By Jim Schutze
By Rachel Watts
By Lauren Drewes Daniels
By Anna Merlan
By Lee Escobedo
It's hard to say what the jurors made of the picayune, grossly repetitive, excruciatingly contentious examination of witnesses. The theme of the defense was precisely what West declared it would be in his opening argument: "What you will also realize is that this is really a comedy of errors by the Irving Police Department," West said.
As we know from the O.J. and Walker Railey cases, one of the easiest things to do in a criminal defense case is make the cops who worked on it look like buffoons. It's not hard to do. Typically, you're talking about guys of average intelligence who, because it's the nature of the crime business, have to respond to unpredictable crises of various stripes in a totally spontaneous manner that only invites errors of judgment. Later down the line, those errors are seized upon with glee by guys with fancy law degrees who get paid up to $400 an hour to find those mistakes and magnify them a hundred times so they can pistol-whip the cops with them in front of a jury.
It happened in O.J. It happened in Walker Railey. Why should Michael Irvin's case have been different? Irvin's lawyers--with varying degrees of success--spent hours trying to paint the Irving cops as stinking, rotten, bold-faced liars.
"How long were you on the landing?" Kevin Clancy asked the prosecution's first witness, Irving patrol officer Matthew Drumm, the baby cop who led a conga line of four cops up the outside staircase of the Marriott Residence Inn that March night, before stopping on a second-floor landing and listening outside the room in which Irvin and his friends were partying.
"Approximately one minute," Drumm answered.
"Do you remember testifying previously?" Clancy asked, referring to Drumm's testimony at a pretrial hearing.
"Yes," Drumm said.
"Didn't you say 'one to two minutes'?" Clancy sneered.
"Yes," Drumm said.
"Why?" Clancy said.
"Approximately one minute," Drumm said.
"Why did you say 'one to two'?" Clancy shot back, smelling blood.
"I don't mean to be sarcastic," Drumm said slowly. "I wasn't looking at my watch."
"You don't know because you don't remember, do you?" Clancy declared, loud and triumphantly.
"I didn't have a watch," Drumm said.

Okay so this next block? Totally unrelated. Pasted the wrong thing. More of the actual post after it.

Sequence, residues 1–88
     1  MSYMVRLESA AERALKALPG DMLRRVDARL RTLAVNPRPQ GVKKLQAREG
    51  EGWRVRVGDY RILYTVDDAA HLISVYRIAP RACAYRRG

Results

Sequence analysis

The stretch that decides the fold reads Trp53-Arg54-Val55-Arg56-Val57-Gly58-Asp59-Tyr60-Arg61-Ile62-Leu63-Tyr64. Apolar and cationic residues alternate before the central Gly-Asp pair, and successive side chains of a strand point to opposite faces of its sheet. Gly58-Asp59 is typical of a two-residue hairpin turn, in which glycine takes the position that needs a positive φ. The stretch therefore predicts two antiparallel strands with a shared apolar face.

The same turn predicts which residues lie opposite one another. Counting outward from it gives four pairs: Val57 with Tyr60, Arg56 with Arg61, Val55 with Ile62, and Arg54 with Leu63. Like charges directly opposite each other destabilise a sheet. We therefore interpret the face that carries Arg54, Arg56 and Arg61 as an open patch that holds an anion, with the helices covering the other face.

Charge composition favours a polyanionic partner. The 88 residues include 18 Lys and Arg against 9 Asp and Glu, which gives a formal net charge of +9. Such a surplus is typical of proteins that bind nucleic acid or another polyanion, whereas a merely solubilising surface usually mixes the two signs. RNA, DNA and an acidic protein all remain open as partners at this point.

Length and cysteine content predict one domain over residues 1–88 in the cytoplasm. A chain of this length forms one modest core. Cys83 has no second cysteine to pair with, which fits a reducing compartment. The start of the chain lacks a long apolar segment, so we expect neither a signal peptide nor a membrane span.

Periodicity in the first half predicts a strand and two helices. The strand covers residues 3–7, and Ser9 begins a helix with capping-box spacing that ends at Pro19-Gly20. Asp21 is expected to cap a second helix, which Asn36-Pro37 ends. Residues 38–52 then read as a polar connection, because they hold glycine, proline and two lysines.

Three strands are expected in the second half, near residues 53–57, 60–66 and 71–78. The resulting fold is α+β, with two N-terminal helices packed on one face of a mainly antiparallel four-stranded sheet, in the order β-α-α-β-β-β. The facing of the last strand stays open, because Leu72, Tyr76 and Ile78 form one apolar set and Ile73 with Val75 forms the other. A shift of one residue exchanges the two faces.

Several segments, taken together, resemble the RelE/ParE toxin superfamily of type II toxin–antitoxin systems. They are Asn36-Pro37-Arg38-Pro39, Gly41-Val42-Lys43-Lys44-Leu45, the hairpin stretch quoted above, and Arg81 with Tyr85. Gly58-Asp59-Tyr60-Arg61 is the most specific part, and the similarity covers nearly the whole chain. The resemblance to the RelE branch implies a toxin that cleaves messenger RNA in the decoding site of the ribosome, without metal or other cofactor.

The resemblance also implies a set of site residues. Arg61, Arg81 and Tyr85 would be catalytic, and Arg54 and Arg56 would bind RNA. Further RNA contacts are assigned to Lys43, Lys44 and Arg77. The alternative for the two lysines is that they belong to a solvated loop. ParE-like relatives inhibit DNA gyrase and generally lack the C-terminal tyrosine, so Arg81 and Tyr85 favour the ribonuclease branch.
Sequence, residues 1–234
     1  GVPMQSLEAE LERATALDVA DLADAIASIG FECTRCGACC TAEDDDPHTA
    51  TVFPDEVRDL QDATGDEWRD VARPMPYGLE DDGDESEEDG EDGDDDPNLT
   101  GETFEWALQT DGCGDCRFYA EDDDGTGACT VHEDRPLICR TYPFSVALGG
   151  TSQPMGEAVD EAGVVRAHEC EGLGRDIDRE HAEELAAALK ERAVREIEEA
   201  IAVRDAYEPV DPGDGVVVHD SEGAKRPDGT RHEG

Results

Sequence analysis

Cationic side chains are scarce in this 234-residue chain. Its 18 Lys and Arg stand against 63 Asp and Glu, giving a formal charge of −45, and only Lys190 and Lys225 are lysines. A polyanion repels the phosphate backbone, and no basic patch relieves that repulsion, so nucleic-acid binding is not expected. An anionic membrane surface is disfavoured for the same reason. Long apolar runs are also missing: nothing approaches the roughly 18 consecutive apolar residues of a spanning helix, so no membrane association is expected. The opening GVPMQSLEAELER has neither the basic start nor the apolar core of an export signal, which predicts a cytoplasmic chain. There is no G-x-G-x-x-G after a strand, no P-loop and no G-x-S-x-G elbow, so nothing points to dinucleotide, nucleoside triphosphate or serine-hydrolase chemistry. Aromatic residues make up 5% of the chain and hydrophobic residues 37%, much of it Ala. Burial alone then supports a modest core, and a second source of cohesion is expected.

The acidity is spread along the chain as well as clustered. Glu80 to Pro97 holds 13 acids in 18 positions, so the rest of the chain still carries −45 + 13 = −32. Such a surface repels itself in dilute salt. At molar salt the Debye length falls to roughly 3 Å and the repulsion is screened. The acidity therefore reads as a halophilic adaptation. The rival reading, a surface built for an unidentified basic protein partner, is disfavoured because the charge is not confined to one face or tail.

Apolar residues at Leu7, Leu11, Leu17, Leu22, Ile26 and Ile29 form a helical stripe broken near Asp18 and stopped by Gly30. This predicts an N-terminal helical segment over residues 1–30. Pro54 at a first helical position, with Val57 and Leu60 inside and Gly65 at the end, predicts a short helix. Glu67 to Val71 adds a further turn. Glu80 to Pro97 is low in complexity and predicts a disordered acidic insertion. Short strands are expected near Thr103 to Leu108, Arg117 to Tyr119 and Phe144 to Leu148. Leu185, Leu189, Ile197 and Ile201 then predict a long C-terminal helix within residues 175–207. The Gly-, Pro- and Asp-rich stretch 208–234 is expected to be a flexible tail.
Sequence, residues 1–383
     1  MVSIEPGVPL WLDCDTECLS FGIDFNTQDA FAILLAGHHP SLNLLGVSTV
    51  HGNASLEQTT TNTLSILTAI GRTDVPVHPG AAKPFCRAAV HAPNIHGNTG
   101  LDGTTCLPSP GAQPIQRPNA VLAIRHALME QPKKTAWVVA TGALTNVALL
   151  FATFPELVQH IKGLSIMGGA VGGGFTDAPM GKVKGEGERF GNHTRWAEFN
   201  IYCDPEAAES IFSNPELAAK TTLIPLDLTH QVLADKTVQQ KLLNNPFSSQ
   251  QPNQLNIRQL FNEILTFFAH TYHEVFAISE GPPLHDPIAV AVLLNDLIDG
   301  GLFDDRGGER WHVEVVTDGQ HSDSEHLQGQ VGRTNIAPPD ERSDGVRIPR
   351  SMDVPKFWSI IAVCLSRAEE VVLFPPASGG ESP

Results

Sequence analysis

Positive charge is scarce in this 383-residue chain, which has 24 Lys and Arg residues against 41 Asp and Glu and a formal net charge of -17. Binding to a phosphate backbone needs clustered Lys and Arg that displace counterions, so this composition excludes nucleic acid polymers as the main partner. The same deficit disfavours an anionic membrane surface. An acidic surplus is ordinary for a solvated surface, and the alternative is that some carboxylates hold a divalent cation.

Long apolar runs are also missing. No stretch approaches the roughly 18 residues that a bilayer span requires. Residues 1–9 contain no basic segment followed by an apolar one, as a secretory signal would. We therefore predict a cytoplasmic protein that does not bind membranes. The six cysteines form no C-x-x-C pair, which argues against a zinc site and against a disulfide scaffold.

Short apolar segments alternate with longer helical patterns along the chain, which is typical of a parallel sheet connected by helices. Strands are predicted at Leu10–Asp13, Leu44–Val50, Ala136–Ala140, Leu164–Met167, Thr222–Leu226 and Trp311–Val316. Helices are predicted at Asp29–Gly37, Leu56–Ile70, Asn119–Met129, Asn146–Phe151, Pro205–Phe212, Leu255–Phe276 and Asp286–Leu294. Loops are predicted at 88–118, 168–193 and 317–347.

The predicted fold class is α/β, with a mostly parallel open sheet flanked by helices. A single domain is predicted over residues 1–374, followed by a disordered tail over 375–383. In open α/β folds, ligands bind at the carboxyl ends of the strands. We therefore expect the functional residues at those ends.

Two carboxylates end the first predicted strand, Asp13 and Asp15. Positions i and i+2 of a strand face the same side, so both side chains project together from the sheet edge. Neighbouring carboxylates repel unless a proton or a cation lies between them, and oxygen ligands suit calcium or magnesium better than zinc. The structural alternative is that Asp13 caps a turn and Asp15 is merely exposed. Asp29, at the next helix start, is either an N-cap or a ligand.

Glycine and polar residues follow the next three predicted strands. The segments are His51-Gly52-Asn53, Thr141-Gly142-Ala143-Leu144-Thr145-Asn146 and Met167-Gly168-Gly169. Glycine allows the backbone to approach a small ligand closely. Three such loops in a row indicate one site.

But even the Dream Team would have had a hard time salvaging this case. The sleaze just oozed out everywhere, and more was on the way had the trial continued.
Take the dildos, for instance.
When the cops confiscated the drugs, they also grabbed a man's brown shaving kit filled with dildos--that's right, vibrators. You know, sexual devices. The cops took them because they were so bizarre-looking that they thought they might be illegal items. Hell, they'd never seen things quite like this before.
"Michael might want those," Angela Beck told Officer Drumm as he quizzed her about the three penis-shaped devices that were in the bag.
The scariest-looking dildo was the pink, rubber, 14-incher that could be turned on with a remote-control device. It had some little round balls inside it that could be seen through a band of clear plastic located around the midpenis area: When the power was on, the balls jumped around like they were in a gumball machine.
There was also some kind of gizmo called a "butt plug," which I don't even want to speculate about. A state legislator from Houston was found dead from a drug overdose in his apartment in Austin in 1991, and he had rubber bands wrapped around his penis for some reason I'm no authority on--but butt plugs are new to me. And they were new to the prosecutors who would have loved to have explored their purpose in court had they been able to convince Judge Alvarez to allow the dildos into evidence by somehow linking them to the drug charges.
Most of the members of the press corps at the trial were aware of the dildos, which were mentioned briefly in some pretrial testimony when only a few reporters were in attendance. In fact, in duller moments during the trial, reporters were known to have begun making rather loud buzzing sounds--out of the jury's presence, of course--and once when my pager, which was on buzz instead of beep, went off in the courtroom, there was appreciable laughter and the usual dildo jokes.
Virtually all the media organizations in town, though, made a formal management decision not to mention Michael's dildos unless they were specifically discussed in formal testimony. "Chapel 8," as reporters call Channel 8--home of that sugary Family First series--is one place where the decision to ignore the dildos was made at the very highest levels.
The Morning News made a similar hands-off-the-dildos decision--though it did make mention several months ago of two paternity suits that have been filed in Dallas against Irvin. Both would have provided trump cards for prosecutors had Irvin's lawyers persisted in trying to make him out to be a choir boy. One was a case filed in 1990 by a 27-year-old Mesquite woman named Felicia Paulette Walker who had just then given birth to a baby girl.
According to documents filed in the case, which was sealed by the judge at Irvin's request, Irvin contested Walker's claim that the child was his until a blood test came back confirming his paternity. In the end, Irvin agreed to set up a $210,000 trust fund for his daughter. The daughter received $1,000 a month in interest income from the trust until four months ago when that amount increased to $1,250 a month. Then, in the year 2004, the support will increase again--by another $250 a month. On the day before the child turns 18 years old, she will receive all the money in the trust--but should her mother ever go after Irvin legally to change the terms of the support arrangement, the trust fund will immediately vest in the name of Michael Irvin, who will no longer be required to support the child.